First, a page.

Mr. Market has been in a volatile mood since we last analyzed his mood swings and offered a potential solution based on Fundamental Momentum. Indeed, his volatility ruled the first quarter of 2018. The Fundamental Momentum indicator anticipated this well and provided warning signs as early as mid-February 2018. But what can we do about Mr. Market’s split personality? Some sectors are stable and calm while others are jumpy and nervous. The reasons may be fundamental in nature, or they may be due to singular events. The recent Facebook debacle is a prime example. One company’s tribulations affected the whole sector. Even advocates of fundamental analysis must admit that the governing fundamentals for each sector can vary considerably. Read the article on the CFA Institute website : CFA Institute
Over the last decade, the Smart Beta ETF industry has become one of the most exciting investment trends. With more than 1000 ETFs, managing above $800B in the US alone, new tools must be constantly developed to improve performance, reduce volatility and control risk. We, at Alpha Vee, have been leading the development and refining unique dynamic strategies using fundamental global indicators. These indicators have been proven and have provided significant advantages for smart beta ETFs. The indicators, based on a large body of historical data, provide grading for the market as a whole as well as for individual sectors. When added to a solid multi-sector-multi-factor (MSMF) strategy, the result is compelling. In this paper we will review such an index and dissect its performance over the last 3 years, through various market up and down events.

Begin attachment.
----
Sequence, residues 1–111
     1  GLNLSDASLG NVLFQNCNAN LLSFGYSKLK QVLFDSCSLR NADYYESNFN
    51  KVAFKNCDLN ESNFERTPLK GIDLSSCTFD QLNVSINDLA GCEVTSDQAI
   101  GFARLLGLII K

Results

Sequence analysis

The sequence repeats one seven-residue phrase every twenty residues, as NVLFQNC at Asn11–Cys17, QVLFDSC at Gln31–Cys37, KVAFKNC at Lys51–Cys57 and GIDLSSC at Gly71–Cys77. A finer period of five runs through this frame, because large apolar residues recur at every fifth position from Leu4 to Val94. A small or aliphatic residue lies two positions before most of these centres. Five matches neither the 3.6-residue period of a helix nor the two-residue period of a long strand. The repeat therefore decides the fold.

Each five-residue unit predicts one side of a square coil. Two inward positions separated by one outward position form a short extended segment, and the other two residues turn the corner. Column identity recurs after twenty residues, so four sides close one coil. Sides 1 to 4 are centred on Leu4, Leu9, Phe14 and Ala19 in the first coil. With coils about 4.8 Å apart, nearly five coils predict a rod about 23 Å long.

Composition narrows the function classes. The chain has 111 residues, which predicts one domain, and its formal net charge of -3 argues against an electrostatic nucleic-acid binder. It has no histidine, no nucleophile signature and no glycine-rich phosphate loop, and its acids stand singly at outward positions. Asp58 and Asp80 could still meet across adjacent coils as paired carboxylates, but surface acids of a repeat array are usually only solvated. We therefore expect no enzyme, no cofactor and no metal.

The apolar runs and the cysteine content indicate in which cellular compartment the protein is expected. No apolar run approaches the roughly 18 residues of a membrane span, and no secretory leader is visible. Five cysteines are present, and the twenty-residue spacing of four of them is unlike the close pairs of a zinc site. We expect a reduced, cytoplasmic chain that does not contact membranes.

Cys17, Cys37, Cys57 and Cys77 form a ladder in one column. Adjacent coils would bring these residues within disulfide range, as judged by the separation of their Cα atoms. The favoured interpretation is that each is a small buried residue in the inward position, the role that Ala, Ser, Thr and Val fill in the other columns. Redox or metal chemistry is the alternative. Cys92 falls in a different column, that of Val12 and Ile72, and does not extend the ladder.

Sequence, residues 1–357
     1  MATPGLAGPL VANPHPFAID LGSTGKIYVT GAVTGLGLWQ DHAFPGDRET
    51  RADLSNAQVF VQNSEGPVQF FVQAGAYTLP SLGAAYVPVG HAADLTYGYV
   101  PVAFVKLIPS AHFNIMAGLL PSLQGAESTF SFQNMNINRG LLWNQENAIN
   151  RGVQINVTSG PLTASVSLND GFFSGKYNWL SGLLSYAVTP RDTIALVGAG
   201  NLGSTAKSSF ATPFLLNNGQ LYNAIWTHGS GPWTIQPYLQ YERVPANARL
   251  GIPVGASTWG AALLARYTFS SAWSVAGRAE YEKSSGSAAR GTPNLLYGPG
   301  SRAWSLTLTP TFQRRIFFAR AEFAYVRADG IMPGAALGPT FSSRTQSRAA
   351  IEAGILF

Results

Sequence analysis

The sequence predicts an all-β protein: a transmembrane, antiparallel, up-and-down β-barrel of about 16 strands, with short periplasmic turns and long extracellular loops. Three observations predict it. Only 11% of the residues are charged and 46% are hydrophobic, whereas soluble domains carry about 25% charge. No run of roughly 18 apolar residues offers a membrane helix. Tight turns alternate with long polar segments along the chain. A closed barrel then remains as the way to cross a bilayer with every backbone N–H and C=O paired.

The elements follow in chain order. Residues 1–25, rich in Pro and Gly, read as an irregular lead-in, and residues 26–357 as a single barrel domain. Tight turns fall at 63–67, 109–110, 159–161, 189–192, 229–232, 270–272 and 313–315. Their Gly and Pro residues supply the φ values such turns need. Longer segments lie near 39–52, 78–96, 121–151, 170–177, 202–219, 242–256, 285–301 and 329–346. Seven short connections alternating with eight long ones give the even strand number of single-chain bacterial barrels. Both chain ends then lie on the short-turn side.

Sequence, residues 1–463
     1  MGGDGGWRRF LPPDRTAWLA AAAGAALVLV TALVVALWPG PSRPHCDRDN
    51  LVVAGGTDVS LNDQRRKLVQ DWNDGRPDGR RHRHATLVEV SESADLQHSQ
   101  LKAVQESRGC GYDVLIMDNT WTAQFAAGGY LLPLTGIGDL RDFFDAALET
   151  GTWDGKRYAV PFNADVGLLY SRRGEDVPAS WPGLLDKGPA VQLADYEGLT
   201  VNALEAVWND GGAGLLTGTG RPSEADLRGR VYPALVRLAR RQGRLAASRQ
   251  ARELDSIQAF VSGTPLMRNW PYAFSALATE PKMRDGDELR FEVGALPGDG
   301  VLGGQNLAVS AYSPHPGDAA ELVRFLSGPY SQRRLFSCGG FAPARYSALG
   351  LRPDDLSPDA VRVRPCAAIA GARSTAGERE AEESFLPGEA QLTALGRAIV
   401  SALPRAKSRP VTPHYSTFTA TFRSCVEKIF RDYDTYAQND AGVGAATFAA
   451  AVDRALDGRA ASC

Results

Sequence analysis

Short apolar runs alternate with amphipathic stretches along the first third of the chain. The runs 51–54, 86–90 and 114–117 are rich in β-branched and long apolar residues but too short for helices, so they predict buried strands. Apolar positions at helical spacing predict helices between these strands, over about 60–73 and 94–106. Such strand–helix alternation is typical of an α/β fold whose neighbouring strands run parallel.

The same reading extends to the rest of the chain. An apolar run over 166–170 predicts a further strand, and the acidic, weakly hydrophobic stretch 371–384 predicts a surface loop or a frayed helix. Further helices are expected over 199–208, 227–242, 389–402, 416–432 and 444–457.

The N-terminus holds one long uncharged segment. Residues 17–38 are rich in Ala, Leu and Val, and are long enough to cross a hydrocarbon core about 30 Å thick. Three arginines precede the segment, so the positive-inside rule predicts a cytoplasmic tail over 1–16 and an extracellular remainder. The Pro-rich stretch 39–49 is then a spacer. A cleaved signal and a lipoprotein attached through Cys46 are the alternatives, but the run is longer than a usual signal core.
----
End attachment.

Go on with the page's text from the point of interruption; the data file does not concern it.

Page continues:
As Graham saw it, whenever you invest in the stock market, you partner with the moody Mr. Market. Each day he offers you a choice: sell to him, buy from him, or do nothing. His daily mood determines the price that he is willing to offer or accept, and it is up to you alone to decide what to do. Read the article on the CFA Institute website : CFA Institute
Stock Selection risk can be defined as the probability that the return of a portfolio composed of individual stocks will be worse from an expected benchmark. Historically, this type of risk has been the one most commonly considered by investors. Modern investment tools, such as ETFs that follow the benchmark index, can now neuter this risk and let the investor concentrate on sector and market risks only (discussed in previous articles in this series).
Sector allocation as a risk is often ignored by the novice investor. The lack of adequate tools in the past has caused many investors to look at the market as a whole or to pick and choose individual stocks. What was often neglected is the tendency of stocks within the same sector to move in unison. Overweighting a declining sector or underweighting the one on the rise (done implicitly by choosing specific stocks) can adversely affect the portfolio. The alternative of using sector funds carries the risk of owning the wrong fund at the wrong time, adds trading and tax costs and may hinder the performance as well.
Market risk is undoubtedly the most significant risk component for the equity investor. When the market falls, almost everything dives with it. When it rises, it pulls up some bad apples as well. The savvy investor should recognize this reality and act according to the famous quote by Warren Buffett: “look at market fluctuations as your friend rather than your enemy”. Naturally, this is easier said than done, but with recently introduced data driven tools, this daunting task can become more manageable and disciplined.
Risk is an inherent part of our life. In the immortal words of President Theodore Roosevelt: “Risk is like fire: if controlled it will help you; if uncontrolled it will rise up and destroy you.” In the world of investments, taking risks is a prerequisite for achieving returns, and controlling the risk is the key for a successful investment.